Our friend Ben came down to visit from Humboldt State last weekend. He came with two of his teammates to race bikes in the San Dimas Stage Race. Though they live in the rain a good portion of the year and definitely have experience racing in it, they weren’t thrilled to hear the miserable forecast for the weekend. They’d chosen Southern California because of reputation for good weather for their Spring Break week race, and were not impressed that it didn’t comply with their wishes.
The race lasted all three days. Friday was a time trial (ride as fast as you can by yourself) up Glendora Mountain Road (the mountain that Wes made me ride up for his birthday last year). Saturday was a road race around Bonelli Park where I run every week (8 laps around a 7 mile loop). Sunday was the “crit” (ride around a tight circle a million times in a big group and don’t crash, taking everyone around you out with you).
Saturday truly was the saddest weather I’ve seen in a long time. That’s the day I went to watch, and I got some good gear testing done on my new softshell, because it was hailing and windy and pouring the whole 10 minutes I was outside. We watched from the top of the steepest climb, and even the pros looked like they were going slow. Ben told us they all just pressed their brakes as hard as they could on the descent to keep them going slow enough not to die. He said he saw three crashes, and each just involved one guy falling over from the wind or slippery pavement or their legs no longer continuing to work. He said that he was so cold that he tried to eat a goo and couldn’t even close his hand around it so it just fell.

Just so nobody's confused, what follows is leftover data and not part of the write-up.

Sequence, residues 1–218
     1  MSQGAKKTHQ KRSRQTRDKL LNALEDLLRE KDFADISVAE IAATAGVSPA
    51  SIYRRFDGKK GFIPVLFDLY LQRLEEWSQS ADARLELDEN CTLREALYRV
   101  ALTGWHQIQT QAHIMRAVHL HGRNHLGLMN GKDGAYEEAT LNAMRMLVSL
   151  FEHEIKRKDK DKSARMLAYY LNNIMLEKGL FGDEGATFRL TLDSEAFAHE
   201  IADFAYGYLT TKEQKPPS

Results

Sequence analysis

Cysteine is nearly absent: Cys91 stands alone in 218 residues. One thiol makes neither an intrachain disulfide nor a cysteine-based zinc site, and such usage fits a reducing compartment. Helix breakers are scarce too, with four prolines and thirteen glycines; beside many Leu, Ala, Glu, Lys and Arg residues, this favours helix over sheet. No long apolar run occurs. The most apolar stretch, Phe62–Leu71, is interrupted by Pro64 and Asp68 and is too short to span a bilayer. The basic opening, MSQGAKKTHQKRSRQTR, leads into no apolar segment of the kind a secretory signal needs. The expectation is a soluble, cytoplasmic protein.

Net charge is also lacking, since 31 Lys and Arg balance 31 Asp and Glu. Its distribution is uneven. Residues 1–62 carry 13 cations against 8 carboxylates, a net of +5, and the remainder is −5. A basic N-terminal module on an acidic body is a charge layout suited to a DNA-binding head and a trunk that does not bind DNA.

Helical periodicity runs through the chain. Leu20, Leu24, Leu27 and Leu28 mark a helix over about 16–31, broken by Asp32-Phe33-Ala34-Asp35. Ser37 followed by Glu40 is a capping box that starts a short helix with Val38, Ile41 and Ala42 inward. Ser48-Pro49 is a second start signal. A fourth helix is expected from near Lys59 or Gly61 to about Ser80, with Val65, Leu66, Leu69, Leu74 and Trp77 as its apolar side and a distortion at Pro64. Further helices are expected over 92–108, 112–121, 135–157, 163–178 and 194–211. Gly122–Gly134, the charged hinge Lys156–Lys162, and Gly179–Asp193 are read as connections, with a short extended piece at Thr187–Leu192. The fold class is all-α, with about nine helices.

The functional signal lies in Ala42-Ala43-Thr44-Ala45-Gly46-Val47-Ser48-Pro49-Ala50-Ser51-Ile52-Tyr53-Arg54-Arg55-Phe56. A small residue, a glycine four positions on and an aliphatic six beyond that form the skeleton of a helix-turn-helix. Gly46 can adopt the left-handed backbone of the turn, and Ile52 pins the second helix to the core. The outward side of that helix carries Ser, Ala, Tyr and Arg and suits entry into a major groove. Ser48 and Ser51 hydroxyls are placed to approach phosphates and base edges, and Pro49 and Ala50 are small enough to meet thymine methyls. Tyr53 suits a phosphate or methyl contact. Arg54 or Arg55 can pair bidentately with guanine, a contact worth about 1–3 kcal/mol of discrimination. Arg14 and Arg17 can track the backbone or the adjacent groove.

Luckily, Sunday gave them sun (haha), and there were a lot less people left to race against. The boys struggled through it, and then the worst part was that they had to drive ALLLL the way back up to the northernest part of the state. They were some tough boys, even for my standards.
They also can eat. We made 3 full trays of enchiladas, about 10 lbs of potatoes, and 2lbs of spaghetti. It’s all gone, as well as the 6 packages of bagels they brought and all the food they went out to eat as well. I wish I’d tried out this Sweet Potato Tostada recipe on them while they were here. I heard it creates a feeding frenzy with big crowds, like Aimee’s family, without the cook actually having to do the assembling (always a plus when cooking outside).
If you wanted to take this car camping, you could make the sweet potatoes and chop the veggies ahead of time for a super quick camp meal. If your goal is less around quick and more around delicious, cook the sweet potatoes in foil in a campfire and pan fry tortillas in a cast iron skillet at camp for fresh tostada shells. Yum!
Sweet Potato Tostadas with Chipotle Lime Sour Cream
Prep Time / Cook Time/
Activity GuideBike Touring, Car Camping
- 8-10 tostada shells
- 1 1/2 pounds sweet potatoes
- 2 tablespoons butter or margarine
- 2 chipotles in adobo, or more to taste, finely chopped
- salt and pepper, to taste
- 1 can kidney or black beans, drained and rinsed
- 1 head of romaine lettuce, chopped
- radishes, sliced
- cherry tomatoes, halved
- 1 avocado, chopped
- 1/2 cup sour cream
- juice of one lime
- Can opener
- Medium bowl
- Medium pot
- Mixing spoon
- Potato Masher
- Peel and chop the sweet potatoes. Place them in a pot and cover with water. Bring to a boil over medium high heat. Reduce heat and simmer until the potatoes are cooked through. Drain and mash. Alternately, you can wrap whole sweet potatoes in foil and cook them in your campfire. Add butter, one of the chipotles, and a generous pinch of salt and pepper to the mashed sweet potatoes. Taste and adjust seasonings.
- To make the Chipotle Lime Sour Cream, combine sour cream, the other chipotle, and lime juice in a bowl and stir to combine. You may want to thin it out with a little water so that you can easily drizzle it over the top of your tostadas.
- To assemble tostadas, spread a layer of the sweet potato mixture on each tostada shell. Top that with the beans and veggies and drizzle the Chipotle Lime Sour Cream over the top.